ISO invariant sensors like the Pocket 4K and Ursa Mini Cinema Cameras do not use a gain/ISO amplifier, so dynamic range is not lost, but underexposing these sensors will increase video noise also, so it is a kind of trade off which way to go. I think the dual gain sensors is the best option available right now. Both the Pocket 4K and the Nikon Z6 Cameras demonstrate the two approach’s quite nicely and can get nice results in their high gain settings, as long as the sensor is not underexposed (none of these cameras can shoot in the dark, they need some light :!:)
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John Griffin

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Re: Alister Chapman on Native ISO

PostWed Mar 25, 2020 6:01 pm

Denny Smith wrote:I think the dual gain sensors is the best option available right now. Both the Pocket 4K and the Nikon Z6 Cameras demonstrate the two approach’s quite nicely and can get nice results in their high gain settings, as long as the sensor is not underexposed (none of these cameras can shoot in the dark, they need some light :!:)
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Re: Alister Chapman on Native ISO

PostWed Mar 25, 2020 7:40 pm

robedge wrote:One thing that I’d like to see on my Blackmagic Pocket 4K is the option to address sensitivity in terms of gain rather than ISO.


Rob - it is quite easy to work with ISO - +6dB gain equals +1 stop equals doubling the ISO.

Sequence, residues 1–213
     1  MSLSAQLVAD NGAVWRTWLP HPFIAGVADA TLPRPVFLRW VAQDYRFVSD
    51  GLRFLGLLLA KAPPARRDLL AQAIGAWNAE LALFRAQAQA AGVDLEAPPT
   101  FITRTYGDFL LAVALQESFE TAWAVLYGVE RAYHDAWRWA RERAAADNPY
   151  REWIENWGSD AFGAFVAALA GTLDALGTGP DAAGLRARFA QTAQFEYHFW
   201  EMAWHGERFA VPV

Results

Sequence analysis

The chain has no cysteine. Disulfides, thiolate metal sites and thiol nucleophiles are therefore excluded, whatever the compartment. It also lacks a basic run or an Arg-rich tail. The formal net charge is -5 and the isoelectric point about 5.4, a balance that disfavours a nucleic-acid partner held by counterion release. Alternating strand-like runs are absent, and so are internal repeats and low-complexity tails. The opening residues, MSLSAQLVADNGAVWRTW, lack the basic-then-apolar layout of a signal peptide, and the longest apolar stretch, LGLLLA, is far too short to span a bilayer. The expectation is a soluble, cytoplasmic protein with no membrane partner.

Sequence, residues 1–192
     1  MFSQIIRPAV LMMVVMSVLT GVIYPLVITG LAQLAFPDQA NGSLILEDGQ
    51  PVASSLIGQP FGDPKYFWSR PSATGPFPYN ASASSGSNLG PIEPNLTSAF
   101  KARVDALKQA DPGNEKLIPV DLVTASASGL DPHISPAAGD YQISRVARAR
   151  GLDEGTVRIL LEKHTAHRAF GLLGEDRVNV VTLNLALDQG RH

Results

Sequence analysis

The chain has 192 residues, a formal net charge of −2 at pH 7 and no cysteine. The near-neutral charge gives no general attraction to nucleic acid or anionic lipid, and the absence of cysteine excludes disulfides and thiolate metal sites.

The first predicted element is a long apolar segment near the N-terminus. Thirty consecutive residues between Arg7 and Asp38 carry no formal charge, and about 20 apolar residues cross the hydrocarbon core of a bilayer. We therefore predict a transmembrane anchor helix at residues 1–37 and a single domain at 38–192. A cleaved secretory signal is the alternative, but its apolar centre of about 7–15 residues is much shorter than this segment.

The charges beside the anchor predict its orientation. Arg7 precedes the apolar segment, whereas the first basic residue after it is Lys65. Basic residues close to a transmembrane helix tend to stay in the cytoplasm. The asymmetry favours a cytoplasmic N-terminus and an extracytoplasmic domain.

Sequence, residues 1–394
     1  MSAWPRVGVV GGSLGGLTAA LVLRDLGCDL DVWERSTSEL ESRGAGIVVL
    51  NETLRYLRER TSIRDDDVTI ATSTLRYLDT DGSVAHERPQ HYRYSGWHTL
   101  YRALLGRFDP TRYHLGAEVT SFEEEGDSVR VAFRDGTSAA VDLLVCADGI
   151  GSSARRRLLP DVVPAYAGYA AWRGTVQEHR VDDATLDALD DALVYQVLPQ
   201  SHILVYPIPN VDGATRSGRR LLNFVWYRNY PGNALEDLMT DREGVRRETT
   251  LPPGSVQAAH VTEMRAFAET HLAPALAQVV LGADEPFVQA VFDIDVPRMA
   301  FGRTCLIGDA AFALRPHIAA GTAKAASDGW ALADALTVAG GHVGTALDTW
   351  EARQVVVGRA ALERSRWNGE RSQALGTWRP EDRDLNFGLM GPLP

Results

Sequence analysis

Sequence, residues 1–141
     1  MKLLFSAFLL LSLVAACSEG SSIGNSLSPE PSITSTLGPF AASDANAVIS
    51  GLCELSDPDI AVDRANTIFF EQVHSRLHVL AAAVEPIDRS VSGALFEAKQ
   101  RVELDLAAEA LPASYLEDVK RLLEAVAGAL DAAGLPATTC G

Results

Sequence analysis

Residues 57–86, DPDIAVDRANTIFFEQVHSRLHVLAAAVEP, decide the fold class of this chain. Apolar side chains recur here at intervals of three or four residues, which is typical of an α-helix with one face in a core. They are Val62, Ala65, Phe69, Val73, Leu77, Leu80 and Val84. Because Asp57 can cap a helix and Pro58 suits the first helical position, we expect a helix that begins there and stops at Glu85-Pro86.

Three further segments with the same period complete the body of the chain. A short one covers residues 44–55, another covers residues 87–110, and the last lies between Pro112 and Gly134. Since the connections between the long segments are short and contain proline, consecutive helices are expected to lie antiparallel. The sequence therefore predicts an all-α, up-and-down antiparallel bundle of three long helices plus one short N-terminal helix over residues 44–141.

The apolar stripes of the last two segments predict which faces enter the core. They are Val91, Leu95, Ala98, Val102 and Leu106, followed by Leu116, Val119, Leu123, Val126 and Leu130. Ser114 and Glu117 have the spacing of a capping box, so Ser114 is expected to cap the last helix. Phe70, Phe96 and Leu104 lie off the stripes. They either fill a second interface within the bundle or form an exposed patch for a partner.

So if the base ISO is 400 then this is your 0 dB gain.
ISO 100 = -12dB
ISO 200 = -6dB
ISO 400 = 0dB
ISO 800 = +6dB
ISO 1600 = +12dB
ISO 3200 = +18dB
ISO 6400 = +24dB
ISO 12800 = +30dB
ISO 25600 = +36dB
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John Richard

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Re: Alister Chapman on Native ISO

PostThu Mar 26, 2020 12:52 pm

Original Ursa Mini Pro (Gen 1) has only a single native ISO of 800, correct?
And if you have a low light problem, 3200 ISO is the go too?
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Re: Alister Chapman on Native ISO

PostThu Mar 26, 2020 2:13 pm

John, that may be the practice, but I wouldn’t do that on my original URSA Mini 4.6K. I found even ISO 1600 may be too noisy and only shoot my camera in ISO 800. I feel you can boost it two stops safely in post where you can control the results better than just raising the ISO in camera two stops. People may test each approach and see which they prefer.

If you’re often in lowlight situations, the BMPCC4K and BMPCC6K with their dual sensor 400/3200 may be a very good alternative if you can manage the decrease in dynamic range.
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Re: Alister Chapman on Native ISO

PostFri Mar 27, 2020 2:30 pm

When you shoot BRAW with the Pocket 6K, there are two base settings; 400 and 3200. Isn’t it true that all the other choices are just exposure indices, in other words not actual changes to the sensor gain?
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Re: Alister Chapman on Native ISO

PostFri Mar 27, 2020 2:46 pm